Gastric Ulcers are common in the equine population, effecting 37% of leisure horses in the United Kingdom. This figure increases to 63% in performance horses and as much as 93% of racehorses that may suffer from the condition within their career.
Ulcers are caused by the over production of acid in the stomach, the most common place to see ulceration is around the margo plicatus, a line that separates the glandular and non glandular regions of the stomach. These kind of ulcers are commonly caused by splashing of the stomach acid up onto the unprotected non glandular region during intense exercise, making it common in racehorses and sports horses. They are also often caused by the stomach being empty for long periods of time, causing the stomach acid to attack the stomach lining. it also may be because feed changes the pH levels and can form a cap over the gastric contents.
The symptoms of gastric ulcers can make it difficult to pinpoint the problem as they are often seen as subtle changes in condition or behaviour symptoms include:
Loss of condition
Changes in behaviour
Discomfort around the girth area
EGUS is a serious condition and if you suspect your horse may be suffering from ulcers, please call your vet for an accurate diagnosis.
Ulcers are diagnosed through gastric endoscopy, where a vet will insert a camera into the stomach to study its lining. The severity of ulceration is graded from 0-4, with grade 0 showing no sign of ulceration and grade 4 showing extensive deep tissue ulceration. Only grades 2 and above are considered significant and in need of treatment.
For a horse with gastric ulcers the correct diet is essential for managing the condition. it should be a high forage, low cereal diet with feeds being given little and often to give a trickle feeding effect.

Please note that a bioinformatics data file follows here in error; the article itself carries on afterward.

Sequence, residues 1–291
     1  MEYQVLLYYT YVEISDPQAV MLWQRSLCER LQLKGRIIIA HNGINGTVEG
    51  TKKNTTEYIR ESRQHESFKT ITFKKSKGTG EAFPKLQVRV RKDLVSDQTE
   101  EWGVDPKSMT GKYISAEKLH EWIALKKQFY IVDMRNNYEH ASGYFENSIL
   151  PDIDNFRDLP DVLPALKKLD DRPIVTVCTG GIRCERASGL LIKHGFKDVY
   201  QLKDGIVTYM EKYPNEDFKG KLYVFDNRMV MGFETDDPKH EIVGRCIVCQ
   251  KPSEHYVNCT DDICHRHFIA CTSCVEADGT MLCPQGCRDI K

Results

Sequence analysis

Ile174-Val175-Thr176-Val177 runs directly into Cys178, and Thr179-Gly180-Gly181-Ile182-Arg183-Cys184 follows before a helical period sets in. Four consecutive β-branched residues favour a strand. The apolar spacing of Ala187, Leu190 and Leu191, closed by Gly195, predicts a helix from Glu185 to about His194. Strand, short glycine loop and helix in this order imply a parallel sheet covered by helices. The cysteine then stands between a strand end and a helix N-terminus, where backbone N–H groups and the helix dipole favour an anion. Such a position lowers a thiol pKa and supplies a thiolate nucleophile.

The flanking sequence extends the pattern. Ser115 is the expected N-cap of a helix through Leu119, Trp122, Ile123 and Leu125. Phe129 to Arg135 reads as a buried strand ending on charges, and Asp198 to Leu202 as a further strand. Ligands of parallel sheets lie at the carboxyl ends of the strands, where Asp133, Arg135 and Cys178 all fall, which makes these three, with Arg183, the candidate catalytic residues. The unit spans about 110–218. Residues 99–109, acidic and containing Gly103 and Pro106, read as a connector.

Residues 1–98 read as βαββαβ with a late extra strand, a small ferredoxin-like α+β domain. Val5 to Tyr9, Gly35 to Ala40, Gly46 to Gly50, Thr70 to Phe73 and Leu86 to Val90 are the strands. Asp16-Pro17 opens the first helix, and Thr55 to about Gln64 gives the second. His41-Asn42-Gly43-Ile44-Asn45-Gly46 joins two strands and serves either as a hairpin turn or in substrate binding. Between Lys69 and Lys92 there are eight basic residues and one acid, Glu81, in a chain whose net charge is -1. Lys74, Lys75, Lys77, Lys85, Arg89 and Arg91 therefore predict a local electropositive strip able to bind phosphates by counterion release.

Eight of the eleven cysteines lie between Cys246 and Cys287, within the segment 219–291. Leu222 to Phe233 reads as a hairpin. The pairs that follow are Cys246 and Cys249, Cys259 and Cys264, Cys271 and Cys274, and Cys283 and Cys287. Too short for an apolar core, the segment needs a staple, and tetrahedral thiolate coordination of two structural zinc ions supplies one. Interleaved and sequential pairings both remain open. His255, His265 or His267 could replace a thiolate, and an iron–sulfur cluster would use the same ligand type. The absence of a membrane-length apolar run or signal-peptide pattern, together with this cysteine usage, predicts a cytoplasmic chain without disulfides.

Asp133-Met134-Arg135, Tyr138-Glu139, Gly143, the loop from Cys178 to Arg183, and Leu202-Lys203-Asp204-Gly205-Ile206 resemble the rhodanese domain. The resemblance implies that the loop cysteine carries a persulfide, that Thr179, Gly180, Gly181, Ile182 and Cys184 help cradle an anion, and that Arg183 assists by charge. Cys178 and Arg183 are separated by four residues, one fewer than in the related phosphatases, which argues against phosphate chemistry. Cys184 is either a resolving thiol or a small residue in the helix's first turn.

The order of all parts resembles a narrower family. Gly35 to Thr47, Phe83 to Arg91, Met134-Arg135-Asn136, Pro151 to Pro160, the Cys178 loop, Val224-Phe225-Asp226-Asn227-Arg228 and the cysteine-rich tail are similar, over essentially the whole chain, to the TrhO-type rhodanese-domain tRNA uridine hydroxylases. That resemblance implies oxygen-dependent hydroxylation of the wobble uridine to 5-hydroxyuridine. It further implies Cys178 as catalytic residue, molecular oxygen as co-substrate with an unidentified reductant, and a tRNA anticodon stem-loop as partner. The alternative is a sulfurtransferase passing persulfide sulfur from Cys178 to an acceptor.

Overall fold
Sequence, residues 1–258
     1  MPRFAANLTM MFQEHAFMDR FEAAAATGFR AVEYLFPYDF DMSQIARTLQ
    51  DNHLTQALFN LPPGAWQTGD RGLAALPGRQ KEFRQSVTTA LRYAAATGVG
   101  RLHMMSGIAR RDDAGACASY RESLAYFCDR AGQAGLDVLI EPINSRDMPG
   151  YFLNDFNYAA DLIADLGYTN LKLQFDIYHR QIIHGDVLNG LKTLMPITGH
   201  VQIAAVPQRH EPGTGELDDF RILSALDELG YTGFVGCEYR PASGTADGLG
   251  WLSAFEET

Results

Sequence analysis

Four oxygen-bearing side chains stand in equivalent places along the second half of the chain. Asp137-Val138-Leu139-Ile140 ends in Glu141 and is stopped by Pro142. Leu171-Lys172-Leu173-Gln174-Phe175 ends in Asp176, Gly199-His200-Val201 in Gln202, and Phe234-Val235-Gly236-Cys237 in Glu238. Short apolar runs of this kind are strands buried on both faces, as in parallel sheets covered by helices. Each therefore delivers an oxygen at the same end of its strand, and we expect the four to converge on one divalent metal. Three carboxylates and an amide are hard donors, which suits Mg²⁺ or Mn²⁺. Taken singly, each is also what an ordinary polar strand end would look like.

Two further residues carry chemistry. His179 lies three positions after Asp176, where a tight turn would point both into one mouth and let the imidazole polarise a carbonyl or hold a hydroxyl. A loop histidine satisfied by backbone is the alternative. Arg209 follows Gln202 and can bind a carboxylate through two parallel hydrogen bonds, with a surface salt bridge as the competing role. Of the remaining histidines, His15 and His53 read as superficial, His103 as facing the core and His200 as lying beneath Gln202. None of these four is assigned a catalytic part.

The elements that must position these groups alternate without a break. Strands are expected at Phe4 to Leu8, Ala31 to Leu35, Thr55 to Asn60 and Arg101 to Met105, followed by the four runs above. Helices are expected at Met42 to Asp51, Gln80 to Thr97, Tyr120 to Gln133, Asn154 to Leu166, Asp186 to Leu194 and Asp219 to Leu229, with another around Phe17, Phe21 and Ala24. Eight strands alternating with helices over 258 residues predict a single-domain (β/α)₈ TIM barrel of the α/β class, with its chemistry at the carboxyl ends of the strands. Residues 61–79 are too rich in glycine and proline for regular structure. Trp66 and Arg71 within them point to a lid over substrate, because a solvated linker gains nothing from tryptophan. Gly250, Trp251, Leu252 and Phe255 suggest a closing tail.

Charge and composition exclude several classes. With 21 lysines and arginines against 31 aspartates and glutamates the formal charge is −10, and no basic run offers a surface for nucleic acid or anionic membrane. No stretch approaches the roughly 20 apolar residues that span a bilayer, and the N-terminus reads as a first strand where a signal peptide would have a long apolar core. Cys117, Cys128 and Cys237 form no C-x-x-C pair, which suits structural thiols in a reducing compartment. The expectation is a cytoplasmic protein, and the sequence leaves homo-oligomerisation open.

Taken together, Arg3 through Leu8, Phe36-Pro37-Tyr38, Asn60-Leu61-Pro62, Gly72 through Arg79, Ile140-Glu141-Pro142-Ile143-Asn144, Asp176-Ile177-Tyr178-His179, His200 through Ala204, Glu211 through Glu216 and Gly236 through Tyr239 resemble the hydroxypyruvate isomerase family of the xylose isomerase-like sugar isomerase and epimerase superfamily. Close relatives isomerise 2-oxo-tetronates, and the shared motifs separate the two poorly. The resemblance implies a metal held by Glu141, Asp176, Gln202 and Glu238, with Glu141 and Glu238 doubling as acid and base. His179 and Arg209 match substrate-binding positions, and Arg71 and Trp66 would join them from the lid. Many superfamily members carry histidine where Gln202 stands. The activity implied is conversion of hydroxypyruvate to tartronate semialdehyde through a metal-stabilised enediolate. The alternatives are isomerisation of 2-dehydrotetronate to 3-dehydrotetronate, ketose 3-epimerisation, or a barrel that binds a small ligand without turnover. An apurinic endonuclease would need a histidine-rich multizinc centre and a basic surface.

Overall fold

Forage is important for horses with gastric ulcers, it is important that it is fed ad-lib so the stomach is never left empty for long periods of time. Horses are naturally designed to be trickle feeders, if the stomach is left empty, the stomach acid can start to attack the stomach lining. Fibre in the form of hay or haylage is best as it requires more chewing. Horses only produce saliva whilst chewing, saliva is alkaline, having a high pH, so works as a buffer neutralising the stomach acid and reducing the acidity of the stomach. This keeps the pH of the stomach balanced at a healthy level.
Diets high in starch should be avoided as they can lead to higher levels of fermentation in the stomach. Increased fermentation causes a more acidic environment and the potential build up of gas in the stomach, increasing a horses’ risk of gastric ulcers.
Steam extruded feeds, such as the feeds made here at Keyflow are more digestible so feeding rates are lower, making it easier to feed little and often, which would benefit a horse suffering from ulcers.
Stressful situations should be limited for horses with EGUS as stress is suggested to aggravate the condition. A natural lifestyle where the horse is kept at grass in a herd community is often seen as a positive way of reducing stress in horses.
Horses with ulcers need careful management through diet and medication to control their condition. If you would like any further advice on how Keyflow can help design a diet specific to your horses needs get in touch on 01672 51 9000 or email at email@example.com.